The Future of LBCC

Photo courtesy: Soderstrom Architects

By Erika Donner

I first met Danny Aynes a couple of weeks ago in a Zoom video conference call. Dressed in a suit and tie while working remotely, he spoke of the new normal that exists within college life during a worldwide pandemic. Across the nation, institutions of higher education are managing discussions centered around how to move forward given many unknowns. There remain challenges and opportunities. As the associate dean of Academic Foundations, Aynes holds a large role in the operations of Linn-Benton Community College, where over 18,000 students attend class each year. Seventeen community colleges are located throughout Oregon and LBCC is the sixth largest.

“My hope is that we’ll definitely be coming together, being able to get somewhere close to normal. We just don’t know when.”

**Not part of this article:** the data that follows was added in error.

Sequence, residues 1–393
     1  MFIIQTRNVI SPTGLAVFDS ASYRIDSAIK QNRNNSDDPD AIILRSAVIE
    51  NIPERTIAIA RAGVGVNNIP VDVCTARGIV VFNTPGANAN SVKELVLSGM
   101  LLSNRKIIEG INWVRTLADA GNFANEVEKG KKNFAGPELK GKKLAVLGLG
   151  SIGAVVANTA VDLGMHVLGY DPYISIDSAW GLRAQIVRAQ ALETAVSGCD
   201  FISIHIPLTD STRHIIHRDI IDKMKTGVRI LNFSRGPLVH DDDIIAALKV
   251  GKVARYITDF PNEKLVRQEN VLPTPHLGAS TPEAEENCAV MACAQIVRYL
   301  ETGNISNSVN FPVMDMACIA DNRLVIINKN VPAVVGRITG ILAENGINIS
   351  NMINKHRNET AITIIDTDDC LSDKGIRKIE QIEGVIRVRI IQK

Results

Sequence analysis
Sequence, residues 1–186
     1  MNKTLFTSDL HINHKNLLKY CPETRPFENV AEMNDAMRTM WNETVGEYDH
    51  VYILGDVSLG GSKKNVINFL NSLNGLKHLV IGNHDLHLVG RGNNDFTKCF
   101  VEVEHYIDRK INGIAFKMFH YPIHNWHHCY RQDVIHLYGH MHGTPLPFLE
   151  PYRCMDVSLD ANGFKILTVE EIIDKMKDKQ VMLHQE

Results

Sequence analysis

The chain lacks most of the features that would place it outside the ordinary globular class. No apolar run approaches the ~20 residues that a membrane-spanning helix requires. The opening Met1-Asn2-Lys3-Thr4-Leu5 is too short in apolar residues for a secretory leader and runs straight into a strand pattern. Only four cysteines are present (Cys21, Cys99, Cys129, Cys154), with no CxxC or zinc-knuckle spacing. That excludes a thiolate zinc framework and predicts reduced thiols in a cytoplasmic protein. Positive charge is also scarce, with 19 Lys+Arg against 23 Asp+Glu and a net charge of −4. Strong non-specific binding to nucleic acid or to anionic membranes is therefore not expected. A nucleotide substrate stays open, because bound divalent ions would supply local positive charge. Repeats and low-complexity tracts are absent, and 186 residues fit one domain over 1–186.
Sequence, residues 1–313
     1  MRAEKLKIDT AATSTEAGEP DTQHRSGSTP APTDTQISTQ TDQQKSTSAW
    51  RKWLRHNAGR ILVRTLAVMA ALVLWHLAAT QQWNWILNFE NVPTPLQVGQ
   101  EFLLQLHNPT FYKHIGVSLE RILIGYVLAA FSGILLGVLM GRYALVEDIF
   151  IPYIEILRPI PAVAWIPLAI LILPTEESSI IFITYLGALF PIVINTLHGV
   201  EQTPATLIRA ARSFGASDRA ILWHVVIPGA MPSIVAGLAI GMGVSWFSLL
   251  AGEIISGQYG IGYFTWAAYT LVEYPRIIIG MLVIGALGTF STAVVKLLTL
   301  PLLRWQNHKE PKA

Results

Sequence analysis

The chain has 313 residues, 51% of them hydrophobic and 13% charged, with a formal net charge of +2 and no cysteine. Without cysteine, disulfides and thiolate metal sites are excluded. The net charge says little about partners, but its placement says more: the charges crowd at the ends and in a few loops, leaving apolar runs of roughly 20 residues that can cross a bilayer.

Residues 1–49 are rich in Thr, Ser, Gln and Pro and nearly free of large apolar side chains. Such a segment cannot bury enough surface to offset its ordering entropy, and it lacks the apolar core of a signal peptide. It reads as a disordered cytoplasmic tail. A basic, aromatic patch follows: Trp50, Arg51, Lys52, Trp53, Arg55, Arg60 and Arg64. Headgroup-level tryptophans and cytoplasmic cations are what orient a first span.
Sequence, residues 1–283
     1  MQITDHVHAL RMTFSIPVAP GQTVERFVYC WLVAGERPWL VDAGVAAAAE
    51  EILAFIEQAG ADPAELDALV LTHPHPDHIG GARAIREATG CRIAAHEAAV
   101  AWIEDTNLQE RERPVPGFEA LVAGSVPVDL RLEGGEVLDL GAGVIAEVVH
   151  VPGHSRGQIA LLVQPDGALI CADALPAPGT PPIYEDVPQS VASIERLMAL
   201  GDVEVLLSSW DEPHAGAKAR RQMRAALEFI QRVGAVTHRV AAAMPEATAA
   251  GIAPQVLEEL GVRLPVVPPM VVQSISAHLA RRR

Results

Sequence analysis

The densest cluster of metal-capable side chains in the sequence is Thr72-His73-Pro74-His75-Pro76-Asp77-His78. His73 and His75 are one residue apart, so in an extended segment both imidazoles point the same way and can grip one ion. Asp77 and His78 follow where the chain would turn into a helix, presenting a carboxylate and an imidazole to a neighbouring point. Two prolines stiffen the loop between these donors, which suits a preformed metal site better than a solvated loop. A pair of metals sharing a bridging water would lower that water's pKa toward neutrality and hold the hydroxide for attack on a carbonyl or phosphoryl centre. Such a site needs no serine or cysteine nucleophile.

Danny Aynes

What are your responsibilities at Linn-Benton Community College and how long have you worked here? 

I became the Associate Dean of Academic Foundations a year ago, and that includes admissions, registration, graduation, and Adult Basic Skills, which is the English Language Acquisition and GED program. Prior to this, I was the director of Enrollment Services and registrar for 11 1/2 years.

Tell us a bit about your own education and background.

I graduated with a bachelor’s degree in communications from Arkansas Tech University and received my master’s degree in college student services administration at Oregon State University. Before joining the team at LBCC, I worked at Eastern Oregon University and at Southern Oregon University. My wife and I live in Philomath with our two sons.

This is a big time right now, historically speaking. What did you think of the impact moving forward with how the coronavirus pandemic would affect students?

It was coming at the end of winter term and I wasn’t too connected to the news so I didn’t think it would be as big as it was. I wasn’t resistant to what I was hearing, but just assumed in a couple weeks we’d be back to normal. Then it got bigger and bigger. I was surprised at how fast everything happened.

We haven’t lived through something like this before. We’re all in reactive mode. 

It’s caused us to change really fast and to go with the flow in a way we’re not used to. It requires lots of teamwork and being comfortable with change.